Franchise Law Firms and the Transformation of Personal Legal Services

By Jerry Van Hoy | Go to book overview

Appendix: Data and Methods

The data described and analyzed in this book were collected from October of 1990 through November of 1991, though I have contacted some of the study participants over the intervening years to keep abreast of changes as I prepared this volume. The two firms studied here ( Arthur & Nelson and Beck & Daniels are pseudonyms) were chosen because of their leadership in developing the franchise law firm market for services. Both firms are national in scope and each firm employed 300-400 attorneys during the period of the study.

To gain access I approached the owners of each firm about the possibility of participating in the study. I proposed in-office observation and interviewing because little was known about the work routines, organization and relationships of lawyers and office staff at these new legal services firms. Negotiations with management of each firm ensued over a six-month period. Eventually, I gained permission to observe in two Arthur & Nelson offices and one Beck & Daniels office. In addition, I conducted numerous informal follow-up visits with the Beck & Daniels office staff, which also led to informal visits at three other Beck & Daniels branch offices.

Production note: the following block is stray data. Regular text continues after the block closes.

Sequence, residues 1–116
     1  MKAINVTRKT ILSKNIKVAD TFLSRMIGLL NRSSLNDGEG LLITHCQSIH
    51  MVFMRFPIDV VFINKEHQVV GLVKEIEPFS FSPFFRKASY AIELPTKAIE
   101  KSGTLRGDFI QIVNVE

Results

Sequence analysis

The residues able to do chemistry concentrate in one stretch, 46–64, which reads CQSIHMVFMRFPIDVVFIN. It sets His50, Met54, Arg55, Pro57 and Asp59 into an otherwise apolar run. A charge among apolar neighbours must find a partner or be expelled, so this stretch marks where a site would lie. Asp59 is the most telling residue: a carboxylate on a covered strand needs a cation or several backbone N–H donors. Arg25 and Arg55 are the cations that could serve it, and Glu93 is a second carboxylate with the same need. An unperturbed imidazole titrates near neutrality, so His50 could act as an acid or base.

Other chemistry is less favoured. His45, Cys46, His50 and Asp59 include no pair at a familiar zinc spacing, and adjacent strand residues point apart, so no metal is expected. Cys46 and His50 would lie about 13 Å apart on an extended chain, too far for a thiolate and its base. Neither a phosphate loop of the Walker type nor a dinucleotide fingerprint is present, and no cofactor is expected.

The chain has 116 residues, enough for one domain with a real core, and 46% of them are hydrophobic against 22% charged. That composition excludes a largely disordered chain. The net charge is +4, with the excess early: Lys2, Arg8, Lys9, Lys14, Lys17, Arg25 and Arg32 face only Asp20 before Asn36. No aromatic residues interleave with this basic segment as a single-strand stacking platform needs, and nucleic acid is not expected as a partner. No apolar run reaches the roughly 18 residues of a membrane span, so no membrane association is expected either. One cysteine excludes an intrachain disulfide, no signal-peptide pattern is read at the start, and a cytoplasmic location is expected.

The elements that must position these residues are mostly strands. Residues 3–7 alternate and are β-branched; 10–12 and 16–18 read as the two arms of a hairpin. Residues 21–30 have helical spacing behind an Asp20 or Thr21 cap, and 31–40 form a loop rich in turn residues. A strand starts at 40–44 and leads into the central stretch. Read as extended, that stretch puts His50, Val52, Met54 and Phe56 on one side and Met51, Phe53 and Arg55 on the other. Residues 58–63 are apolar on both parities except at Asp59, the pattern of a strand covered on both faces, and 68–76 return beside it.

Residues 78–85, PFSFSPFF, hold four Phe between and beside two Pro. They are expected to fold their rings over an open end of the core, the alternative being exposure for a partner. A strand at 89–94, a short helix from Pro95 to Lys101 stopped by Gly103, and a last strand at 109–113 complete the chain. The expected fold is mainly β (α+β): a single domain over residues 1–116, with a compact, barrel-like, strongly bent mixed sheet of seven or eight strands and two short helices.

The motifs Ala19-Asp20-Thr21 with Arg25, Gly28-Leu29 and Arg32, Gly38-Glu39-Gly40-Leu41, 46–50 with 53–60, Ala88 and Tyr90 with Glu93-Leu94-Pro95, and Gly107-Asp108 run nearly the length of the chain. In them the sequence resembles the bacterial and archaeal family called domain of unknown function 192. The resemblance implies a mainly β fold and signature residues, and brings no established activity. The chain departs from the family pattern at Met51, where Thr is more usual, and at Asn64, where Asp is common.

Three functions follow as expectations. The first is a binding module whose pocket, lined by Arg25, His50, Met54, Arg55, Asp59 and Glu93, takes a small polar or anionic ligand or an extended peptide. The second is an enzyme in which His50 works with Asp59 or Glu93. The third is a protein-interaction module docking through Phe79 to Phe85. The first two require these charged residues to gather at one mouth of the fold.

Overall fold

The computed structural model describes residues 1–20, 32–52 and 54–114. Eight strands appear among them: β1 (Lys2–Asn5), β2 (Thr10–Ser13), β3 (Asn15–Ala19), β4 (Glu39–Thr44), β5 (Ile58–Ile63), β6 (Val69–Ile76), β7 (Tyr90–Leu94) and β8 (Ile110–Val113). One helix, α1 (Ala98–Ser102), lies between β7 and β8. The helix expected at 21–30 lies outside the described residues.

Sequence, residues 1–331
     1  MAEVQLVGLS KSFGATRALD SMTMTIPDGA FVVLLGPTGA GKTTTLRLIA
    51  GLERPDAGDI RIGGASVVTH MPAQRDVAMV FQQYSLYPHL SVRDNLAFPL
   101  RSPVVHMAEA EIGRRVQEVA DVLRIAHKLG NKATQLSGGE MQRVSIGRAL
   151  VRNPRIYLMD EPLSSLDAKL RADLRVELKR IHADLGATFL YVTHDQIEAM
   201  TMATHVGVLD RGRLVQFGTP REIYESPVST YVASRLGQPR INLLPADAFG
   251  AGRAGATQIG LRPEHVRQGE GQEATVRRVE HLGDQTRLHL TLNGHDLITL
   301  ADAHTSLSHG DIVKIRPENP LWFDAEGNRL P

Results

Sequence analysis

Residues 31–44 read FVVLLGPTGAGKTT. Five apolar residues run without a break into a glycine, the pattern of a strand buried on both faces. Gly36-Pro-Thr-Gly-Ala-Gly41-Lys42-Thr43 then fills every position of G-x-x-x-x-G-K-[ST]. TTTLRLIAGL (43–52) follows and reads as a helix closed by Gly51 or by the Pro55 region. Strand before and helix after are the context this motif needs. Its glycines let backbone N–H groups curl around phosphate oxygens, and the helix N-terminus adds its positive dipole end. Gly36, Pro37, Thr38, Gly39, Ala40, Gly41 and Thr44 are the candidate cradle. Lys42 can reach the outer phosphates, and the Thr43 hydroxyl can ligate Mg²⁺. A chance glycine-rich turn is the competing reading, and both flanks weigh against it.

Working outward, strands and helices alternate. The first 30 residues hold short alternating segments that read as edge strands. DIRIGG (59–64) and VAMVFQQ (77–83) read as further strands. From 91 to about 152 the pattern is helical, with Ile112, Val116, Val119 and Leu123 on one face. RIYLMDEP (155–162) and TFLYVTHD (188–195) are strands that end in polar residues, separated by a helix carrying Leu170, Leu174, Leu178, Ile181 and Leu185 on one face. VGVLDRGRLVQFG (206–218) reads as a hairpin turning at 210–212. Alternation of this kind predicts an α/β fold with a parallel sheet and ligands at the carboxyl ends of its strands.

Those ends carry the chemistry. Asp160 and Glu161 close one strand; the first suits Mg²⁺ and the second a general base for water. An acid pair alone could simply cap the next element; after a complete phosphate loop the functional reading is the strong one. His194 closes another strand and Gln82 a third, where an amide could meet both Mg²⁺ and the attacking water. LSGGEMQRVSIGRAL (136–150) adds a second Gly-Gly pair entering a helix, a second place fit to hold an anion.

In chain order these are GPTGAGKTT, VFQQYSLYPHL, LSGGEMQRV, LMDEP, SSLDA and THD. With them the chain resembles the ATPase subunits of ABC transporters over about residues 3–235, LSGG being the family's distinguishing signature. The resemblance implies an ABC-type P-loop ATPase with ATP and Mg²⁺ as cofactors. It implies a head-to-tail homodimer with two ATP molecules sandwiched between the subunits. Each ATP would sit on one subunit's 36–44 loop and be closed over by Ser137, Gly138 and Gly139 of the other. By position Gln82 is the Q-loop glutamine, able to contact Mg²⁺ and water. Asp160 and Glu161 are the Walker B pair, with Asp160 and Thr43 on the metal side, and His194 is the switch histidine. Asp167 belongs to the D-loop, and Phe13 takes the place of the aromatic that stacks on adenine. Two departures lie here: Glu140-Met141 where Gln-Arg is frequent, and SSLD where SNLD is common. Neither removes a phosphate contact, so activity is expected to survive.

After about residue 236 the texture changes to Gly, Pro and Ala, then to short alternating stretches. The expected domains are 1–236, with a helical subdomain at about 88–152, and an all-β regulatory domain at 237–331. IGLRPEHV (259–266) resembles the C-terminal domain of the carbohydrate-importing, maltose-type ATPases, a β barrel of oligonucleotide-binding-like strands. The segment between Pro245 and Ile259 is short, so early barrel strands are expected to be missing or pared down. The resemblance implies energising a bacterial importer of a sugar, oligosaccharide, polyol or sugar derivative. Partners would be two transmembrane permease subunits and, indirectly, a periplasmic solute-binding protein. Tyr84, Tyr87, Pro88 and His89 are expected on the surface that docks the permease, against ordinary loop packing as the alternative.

-139-

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Franchise Law Firms and the Transformation of Personal Legal Services
Table of contents

Table of contents

  • Title Page iii
  • Contents v
  • Preface vii
  • Acknowledgments xi
  • 1- The Rise of Franchise Law Firms 1
  • 2- The Organization of Mass Production Law 27
  • Notes 50
  • 3- Client Services: Selling and Processing Law 51
  • Notes 75
  • 4- Franchise Law Firms and Traditional Practice 77
  • Notes 85
  • 5- Lawyer Alienation 87
  • Notes 112
  • 6- Alienation and Unions 115
  • Notes 127
  • 7- Markets, Innovation and Prepackaged Law 129
  • Appendix: Data and Methods 139
  • Notes 142
  • References 143
  • Index 149
  • About the Author 156
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